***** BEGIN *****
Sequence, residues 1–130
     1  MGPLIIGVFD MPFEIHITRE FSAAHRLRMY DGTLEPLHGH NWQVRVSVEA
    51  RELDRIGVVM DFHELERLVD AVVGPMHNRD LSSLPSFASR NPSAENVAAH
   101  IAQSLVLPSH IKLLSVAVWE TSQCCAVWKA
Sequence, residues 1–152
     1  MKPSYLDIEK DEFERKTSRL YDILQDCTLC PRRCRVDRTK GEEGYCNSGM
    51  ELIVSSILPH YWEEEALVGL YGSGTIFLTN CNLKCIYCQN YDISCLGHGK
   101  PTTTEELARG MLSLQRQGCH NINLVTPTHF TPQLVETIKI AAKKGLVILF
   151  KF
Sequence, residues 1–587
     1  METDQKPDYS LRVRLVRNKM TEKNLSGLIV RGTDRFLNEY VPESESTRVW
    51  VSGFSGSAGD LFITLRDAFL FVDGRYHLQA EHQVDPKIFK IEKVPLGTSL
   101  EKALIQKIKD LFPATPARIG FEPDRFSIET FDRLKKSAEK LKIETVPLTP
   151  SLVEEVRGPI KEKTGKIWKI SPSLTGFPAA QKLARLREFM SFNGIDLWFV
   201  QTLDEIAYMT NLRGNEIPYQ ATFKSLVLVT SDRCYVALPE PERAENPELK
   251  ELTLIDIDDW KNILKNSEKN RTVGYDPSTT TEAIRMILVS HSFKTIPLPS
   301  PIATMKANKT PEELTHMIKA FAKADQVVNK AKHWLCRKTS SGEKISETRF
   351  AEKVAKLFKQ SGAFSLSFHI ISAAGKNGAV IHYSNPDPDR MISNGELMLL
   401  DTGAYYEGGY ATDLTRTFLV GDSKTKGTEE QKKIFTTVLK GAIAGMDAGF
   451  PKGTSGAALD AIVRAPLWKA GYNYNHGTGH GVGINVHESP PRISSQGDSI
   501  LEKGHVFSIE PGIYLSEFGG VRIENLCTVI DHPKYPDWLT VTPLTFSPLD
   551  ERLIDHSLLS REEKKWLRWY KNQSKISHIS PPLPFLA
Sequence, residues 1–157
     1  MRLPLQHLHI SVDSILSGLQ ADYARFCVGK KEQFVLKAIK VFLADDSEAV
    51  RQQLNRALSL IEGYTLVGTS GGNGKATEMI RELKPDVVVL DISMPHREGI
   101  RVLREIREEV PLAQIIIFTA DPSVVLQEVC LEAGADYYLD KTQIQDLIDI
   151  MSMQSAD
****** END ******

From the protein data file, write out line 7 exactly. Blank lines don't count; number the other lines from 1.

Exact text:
    51  ELIVSSILPH YWEEEALVGL YGSGTIFLTN CNLKCIYCQN YDISCLGHGK